Many of us heard this quote often growing up, and many have unconsciously incorporated it into our daily outlook on life.  We try our best to be considerate to passersby, to those we meet in service positions, and perhaps most crucially, to those we feel have wronged us or those we love.  Regardless of personal religious affiliation, people would overwhelmingly argue that this idea, resting deep inside millions and millions of hearts, is a tool that helps us—all of us—live in a healthier, more peaceful world.

But some aspects of our world seem decidedly unhealthy, unpeaceful, and downright dangerous.  Such situations, circumstances and people are those that seem to have fallen victim to unspeakable evil; some things, we think, are so far gone that no effort, no matter how God-centered, will bring any aid or relief.  But a collective voice of religious conviction is rising, reminding all of us—all children of God, that we need to double down in tough times and translate our faith into works.

The opioid epidemic is running rampant across America.  People in positions of legal, medical and intellectual authority are testing any possible remedies for the opioid crisis that they can find.  Some relief has been found, but by and large the drug problem this country faces is still of epic proportions.

Yet the barest glimmer of hope has begun to shine, as research has begun to show unequivocally that syringe service programs (SSPs: Mobile networks that provide users of intravenous drugs with clean needles) are helping to markedly reduce the spread of bloodborne infections (including Hepatitis C and H.I.V.) in places where they have been legally sanctioned. SSPs are not only helping reduce harm among those who actively use drugs, but also among members of the larger community, including law enforcement officers and medical technicians. SSPs help benefit the fellowship of men and women in which we all live.

Of course, at first glance the idea of offering clean needles to people using intravenous drugs seems counterintuitive.  After all, wouldn’t giving people the tools needed to use drugs in effect say to them, “Using drugs is okay! You have society’s blessing to carry on in your misery”?  And because overdoses, infections and deaths from injectable drug use continue, it seems to many that SSPs aren’t accomplishing anything apart from spreading drug use. And spreading drug us is not helpful at all.  Indeed, it seems rational to declare a War on Drugs; to declare a war on a phenomenon that has declared war on our world, and left many of us for dead.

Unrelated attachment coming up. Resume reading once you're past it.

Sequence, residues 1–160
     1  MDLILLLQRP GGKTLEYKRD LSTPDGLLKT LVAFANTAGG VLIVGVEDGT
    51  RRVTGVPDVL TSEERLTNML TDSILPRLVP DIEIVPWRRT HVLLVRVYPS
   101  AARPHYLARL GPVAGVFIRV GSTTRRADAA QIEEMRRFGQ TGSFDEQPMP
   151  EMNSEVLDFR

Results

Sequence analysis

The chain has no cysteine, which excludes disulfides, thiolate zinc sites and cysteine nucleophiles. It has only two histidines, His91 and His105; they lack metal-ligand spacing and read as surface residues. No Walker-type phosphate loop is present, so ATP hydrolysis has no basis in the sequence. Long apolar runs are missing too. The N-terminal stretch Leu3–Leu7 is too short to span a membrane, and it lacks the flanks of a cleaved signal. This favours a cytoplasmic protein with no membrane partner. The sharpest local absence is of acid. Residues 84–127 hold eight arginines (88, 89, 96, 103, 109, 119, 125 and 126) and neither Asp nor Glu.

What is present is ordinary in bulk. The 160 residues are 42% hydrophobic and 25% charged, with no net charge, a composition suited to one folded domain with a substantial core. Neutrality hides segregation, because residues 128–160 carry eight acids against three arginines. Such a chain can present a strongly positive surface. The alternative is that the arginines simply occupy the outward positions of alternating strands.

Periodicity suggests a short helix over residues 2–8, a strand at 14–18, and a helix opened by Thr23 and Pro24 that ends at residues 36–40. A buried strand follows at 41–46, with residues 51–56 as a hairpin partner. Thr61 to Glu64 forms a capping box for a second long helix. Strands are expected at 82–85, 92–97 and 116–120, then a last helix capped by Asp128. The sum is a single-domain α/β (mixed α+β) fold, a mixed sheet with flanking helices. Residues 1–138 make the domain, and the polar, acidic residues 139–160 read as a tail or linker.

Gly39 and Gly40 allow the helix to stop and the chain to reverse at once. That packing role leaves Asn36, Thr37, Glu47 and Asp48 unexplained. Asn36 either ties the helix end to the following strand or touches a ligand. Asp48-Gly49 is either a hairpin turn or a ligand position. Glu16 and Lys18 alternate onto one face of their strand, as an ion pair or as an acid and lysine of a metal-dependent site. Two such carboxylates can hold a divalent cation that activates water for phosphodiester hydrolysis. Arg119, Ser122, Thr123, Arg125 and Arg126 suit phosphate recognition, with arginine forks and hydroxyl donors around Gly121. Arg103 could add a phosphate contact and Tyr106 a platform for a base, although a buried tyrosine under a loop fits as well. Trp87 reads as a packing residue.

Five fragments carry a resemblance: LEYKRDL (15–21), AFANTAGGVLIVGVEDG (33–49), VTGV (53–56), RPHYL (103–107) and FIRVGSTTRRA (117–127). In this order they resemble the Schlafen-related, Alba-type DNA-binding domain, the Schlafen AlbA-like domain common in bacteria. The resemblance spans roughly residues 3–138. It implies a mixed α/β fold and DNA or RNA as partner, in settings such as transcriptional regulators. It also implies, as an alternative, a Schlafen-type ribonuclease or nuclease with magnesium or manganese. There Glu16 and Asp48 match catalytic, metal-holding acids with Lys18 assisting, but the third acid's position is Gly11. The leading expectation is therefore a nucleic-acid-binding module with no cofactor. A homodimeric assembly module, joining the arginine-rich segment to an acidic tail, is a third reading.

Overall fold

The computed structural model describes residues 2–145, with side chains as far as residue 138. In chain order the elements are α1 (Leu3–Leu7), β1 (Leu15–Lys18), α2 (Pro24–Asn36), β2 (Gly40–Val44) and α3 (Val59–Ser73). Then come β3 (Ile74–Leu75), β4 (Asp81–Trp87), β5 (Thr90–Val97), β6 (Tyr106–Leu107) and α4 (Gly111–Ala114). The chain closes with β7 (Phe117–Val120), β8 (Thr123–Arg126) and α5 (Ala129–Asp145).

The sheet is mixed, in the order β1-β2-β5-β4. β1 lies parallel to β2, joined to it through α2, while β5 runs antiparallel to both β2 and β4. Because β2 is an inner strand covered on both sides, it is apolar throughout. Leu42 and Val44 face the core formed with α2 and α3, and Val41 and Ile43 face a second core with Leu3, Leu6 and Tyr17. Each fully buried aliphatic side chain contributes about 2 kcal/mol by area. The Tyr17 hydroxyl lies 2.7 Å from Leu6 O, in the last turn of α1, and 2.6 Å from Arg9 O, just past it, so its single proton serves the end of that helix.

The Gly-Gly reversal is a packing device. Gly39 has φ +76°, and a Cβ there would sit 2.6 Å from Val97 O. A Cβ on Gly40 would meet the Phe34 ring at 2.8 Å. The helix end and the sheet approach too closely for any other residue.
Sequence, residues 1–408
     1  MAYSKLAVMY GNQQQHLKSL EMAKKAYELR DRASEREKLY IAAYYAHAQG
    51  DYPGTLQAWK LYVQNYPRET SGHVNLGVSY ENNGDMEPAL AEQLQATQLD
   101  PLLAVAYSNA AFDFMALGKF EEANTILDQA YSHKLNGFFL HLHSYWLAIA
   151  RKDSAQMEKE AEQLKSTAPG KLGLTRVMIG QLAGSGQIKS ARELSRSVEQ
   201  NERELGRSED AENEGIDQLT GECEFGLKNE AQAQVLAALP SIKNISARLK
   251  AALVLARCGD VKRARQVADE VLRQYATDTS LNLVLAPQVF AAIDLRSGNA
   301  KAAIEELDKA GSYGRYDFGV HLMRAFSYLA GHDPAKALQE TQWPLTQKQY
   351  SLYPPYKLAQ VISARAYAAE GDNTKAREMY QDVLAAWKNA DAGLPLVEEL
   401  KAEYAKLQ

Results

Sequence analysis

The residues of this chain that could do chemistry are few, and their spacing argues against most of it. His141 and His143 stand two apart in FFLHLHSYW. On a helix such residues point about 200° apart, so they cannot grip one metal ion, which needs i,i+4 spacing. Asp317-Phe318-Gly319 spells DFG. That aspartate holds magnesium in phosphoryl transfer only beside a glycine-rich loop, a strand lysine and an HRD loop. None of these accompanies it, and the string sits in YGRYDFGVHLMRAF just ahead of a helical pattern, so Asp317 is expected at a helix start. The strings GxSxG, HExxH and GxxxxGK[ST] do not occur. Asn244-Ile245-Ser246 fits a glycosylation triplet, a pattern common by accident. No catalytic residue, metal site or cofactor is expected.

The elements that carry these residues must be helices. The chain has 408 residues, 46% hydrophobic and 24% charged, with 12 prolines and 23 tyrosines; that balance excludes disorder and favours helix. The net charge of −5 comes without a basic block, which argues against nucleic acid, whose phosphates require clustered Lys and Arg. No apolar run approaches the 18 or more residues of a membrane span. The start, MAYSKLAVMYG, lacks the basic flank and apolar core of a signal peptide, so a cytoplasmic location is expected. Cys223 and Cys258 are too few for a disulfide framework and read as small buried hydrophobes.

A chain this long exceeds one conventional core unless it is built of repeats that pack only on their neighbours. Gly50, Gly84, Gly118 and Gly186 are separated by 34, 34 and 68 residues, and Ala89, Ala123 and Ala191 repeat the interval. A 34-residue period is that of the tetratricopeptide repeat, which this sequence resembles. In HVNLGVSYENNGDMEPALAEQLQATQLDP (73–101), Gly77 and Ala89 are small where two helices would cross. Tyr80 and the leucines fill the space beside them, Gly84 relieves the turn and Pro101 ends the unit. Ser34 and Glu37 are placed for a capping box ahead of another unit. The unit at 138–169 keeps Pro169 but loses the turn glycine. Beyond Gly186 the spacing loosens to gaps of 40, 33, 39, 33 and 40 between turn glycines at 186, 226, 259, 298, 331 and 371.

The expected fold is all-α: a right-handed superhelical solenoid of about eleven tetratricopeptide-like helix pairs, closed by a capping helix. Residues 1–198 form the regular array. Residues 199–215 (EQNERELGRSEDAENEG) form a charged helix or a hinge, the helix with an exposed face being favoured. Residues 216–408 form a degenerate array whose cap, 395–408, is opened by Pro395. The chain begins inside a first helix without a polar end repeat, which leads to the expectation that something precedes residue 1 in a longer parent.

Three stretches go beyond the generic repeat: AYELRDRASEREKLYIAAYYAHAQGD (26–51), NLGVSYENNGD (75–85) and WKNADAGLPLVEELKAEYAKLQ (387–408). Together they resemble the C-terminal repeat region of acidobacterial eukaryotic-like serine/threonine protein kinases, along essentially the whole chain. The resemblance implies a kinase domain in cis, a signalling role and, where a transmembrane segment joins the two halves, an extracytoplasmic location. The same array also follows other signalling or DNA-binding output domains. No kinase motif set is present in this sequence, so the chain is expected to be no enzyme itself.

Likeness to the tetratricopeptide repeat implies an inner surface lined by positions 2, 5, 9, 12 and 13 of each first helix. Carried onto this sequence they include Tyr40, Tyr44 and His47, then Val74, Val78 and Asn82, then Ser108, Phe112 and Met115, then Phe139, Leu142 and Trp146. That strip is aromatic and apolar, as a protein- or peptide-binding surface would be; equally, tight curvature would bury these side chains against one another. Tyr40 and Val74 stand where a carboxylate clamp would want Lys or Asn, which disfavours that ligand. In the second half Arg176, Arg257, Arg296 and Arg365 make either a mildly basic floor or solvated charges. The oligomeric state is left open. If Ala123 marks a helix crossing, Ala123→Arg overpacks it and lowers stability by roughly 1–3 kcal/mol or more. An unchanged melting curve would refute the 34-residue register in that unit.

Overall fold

But as people of faith, this is precisely the time to put our convictions to the test.  We must momentarily set aside the fact that research shows SSPs to be an effective weapon against the harms perpetuated by intravenous drug use, and answer a deeper call.  Even though our own struggles may not on the surface resemble those of millions of people grappling with intravenous drug use, we must remember how we have felt in our own darkest hours.  We must remember our own yearning, our own defeated pride, our own crushed confidence. Most importantly, we must remember what it was like to feel the constant weakening of our last hope: that God would send His mercy our way, no matter the form that mercy might take.

We are all members of the same human family. We must recall the ways in which family members can cause us grief; many of us and those we hold dearest may have been devastated by opioid use. As Jesus advised, we must turn the other cheek.

Many religious leaders have begun to echo the sentiment that when fighting the spread of drug use, our pervasive spirit of punishment is wrong.  Instead, they argue, the highest motivation should be “our religious principles of compassion, healing, forgiveness, reconciliation, and love.”

Syringe Service Programs show us at least one way to adopt such attitudes while still effectively fighting drug use and the harm it brings.  By supporting legislation allowing SSPs to operate legally in Arizona, we of earnest faith are doing something to help those who are suffering.  Just as God’s laws seek to save people from their own misguided behavior, so should our laws here on Earth seek to help—not to condemn.

As people of faith, our highest calling in this lifetime is to act according to the examples of best model yet to appear.  To live a satisfying life that is orchestrated by God, we must remember to follow His teachings. To offer our support to those who desperately need our helping hands.